This case study is focused on workforce turnover and performance at Buildup, a company that has recently been created as a merger of two companies from the UK and Qatar. The problem at hand is a complex one and incorporates diminished workforce well-being, a decrease in the agility of performance, and increased turnover. These problematic issues are the result of improperly managed change associated with the merger, which is why proper measures for adapting the personnel toward new job realities are required. To conduct a proper analysis of the case, the following types of data should be collected. In particular, the findings of demographic analysis, leave analysis, absenteeism investigation, termination profile and termination analysis, and attrition analysis are essential to address the multifaceted manifestations of the problem under investigation. These data will allow for comprehending the characteristics of the population in the workforce, the motivation for their leaving the company, and the circumstances that contributed to their diminished well-being and resignation.
The processing of such data might be hypothesized from the perspective of prediction analysis to outline possible scenarios for Buildup’s plan of action. For example, the identification of the predetermining factors of workforce turnover might inform whether the employees are discharged by management or quit. Depending on the prevailing cause of turnover, the company management will either revise its recruiting strategy or improve the work environment. Another example of applying the method of prediction analysis is the integration of the findings of absenteeism analysis. If the evaluation of the level of absenteeism at the company is high, the management should integrate stricter disciplinary rules to induce better workforce presence and efficiency. In such a manner, both qualitative and quantitative data might be useful in shaping Buildup’s strategy for solving the problem.
The sources of data to be collected might vary from company documentation to the examination of automated systems indicators. Firstly, the factors contributing to the problem of increased turnover might be retrieved from exit interviews to evaluate the claimed reasons for leaving employees. Secondly, the annual performance evaluation records might be a reliable source of data for further evaluation of the tendencies in workforce performance and the possible relationship of the decrease to internal or external factors. Thirdly, the issue of well-being and the motivation to leave might also be addressed from the perspective of salary indicators available from employee profiles. Finally, attendance records and the organization system’s attendance time records might be used as a valuable source of information on employee absenteeism, which is indicative of well-being, agility, and performance.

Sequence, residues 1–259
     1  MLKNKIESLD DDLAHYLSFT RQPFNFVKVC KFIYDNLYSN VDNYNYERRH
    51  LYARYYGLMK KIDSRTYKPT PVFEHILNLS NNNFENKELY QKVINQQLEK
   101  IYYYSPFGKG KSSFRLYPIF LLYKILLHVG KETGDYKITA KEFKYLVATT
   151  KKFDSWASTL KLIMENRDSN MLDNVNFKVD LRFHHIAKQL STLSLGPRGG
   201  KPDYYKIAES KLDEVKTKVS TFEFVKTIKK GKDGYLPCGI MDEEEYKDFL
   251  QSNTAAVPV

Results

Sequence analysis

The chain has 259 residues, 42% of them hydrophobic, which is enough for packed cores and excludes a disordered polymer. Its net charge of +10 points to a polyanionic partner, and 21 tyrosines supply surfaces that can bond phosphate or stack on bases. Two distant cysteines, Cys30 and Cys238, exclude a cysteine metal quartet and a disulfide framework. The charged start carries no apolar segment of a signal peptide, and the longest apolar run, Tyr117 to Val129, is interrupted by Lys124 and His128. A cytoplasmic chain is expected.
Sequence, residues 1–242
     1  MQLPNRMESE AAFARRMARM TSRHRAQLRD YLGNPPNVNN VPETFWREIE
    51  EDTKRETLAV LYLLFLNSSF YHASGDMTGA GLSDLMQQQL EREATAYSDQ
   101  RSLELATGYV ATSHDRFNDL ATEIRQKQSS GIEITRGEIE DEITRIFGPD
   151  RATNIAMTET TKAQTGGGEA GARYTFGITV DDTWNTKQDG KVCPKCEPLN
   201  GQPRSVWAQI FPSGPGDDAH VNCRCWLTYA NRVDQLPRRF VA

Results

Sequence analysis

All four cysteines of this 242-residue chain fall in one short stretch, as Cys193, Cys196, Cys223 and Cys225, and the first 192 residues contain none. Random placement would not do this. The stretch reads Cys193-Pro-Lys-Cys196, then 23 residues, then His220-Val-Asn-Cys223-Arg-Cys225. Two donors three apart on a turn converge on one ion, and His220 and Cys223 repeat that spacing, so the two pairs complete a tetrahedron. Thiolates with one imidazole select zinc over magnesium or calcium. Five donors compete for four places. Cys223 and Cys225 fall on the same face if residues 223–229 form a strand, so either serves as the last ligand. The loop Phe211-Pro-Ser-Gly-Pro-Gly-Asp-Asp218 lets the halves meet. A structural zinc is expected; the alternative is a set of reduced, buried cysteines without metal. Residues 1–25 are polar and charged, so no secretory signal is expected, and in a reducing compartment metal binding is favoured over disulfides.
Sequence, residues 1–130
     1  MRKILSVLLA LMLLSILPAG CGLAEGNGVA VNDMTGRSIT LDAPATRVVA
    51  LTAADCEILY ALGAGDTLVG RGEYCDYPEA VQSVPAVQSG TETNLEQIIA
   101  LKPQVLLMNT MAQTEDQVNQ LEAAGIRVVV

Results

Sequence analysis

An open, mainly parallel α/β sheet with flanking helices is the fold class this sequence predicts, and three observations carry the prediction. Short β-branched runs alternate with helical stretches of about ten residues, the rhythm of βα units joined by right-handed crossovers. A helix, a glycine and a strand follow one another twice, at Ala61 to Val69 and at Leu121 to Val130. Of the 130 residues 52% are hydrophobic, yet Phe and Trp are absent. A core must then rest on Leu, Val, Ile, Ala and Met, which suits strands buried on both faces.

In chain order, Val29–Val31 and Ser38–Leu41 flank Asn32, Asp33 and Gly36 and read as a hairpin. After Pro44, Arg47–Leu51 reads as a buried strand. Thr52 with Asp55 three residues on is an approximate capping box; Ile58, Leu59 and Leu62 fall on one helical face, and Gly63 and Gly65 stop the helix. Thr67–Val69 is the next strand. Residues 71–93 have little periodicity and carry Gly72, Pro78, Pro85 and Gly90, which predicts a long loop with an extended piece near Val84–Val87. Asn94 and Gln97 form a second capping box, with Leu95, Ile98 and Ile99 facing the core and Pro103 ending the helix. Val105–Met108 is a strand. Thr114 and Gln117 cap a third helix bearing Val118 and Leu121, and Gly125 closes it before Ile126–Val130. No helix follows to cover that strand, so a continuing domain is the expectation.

Given that the problem at the center of the case study is particularly concerned with employee-related issues, the department that should be responsible for data collection and analysis is the human resource department. According to Sarala et al. (2019), the inclusion of human resource management in the solving of problems associated with merger change is essential and yields positive outcomes for company longevity. Therefore, it is recommended to initiate a project managed by HR managers, executives, and directors to implement and supervise the collection and analysis of data. These professionals should develop a step-by-step strategic plan for project implementation to collect multifaceted data, interpret findings, and use them to transform the relevant sphere of company structure or environment.
Despite the relevance of the outlined data and the reliability of data sources, there are some weaknesses in the data collection processes. In particular, it is time-consuming; moreover, the extent of stress level is uncertain, which might be considered a risk factor for the project. The causes of heightened stress might be associated with the merger process, uncertainty, the lack of leadership, goals, and understaffing.
Sarala, R. M., Vaara, E., & Junni, P. (2019). Beyond merger syndrome and cultural differences: New avenues for research on the “human side” of global mergers and acquisitions (M&As). Journal of World Business, 54(4), 307-321.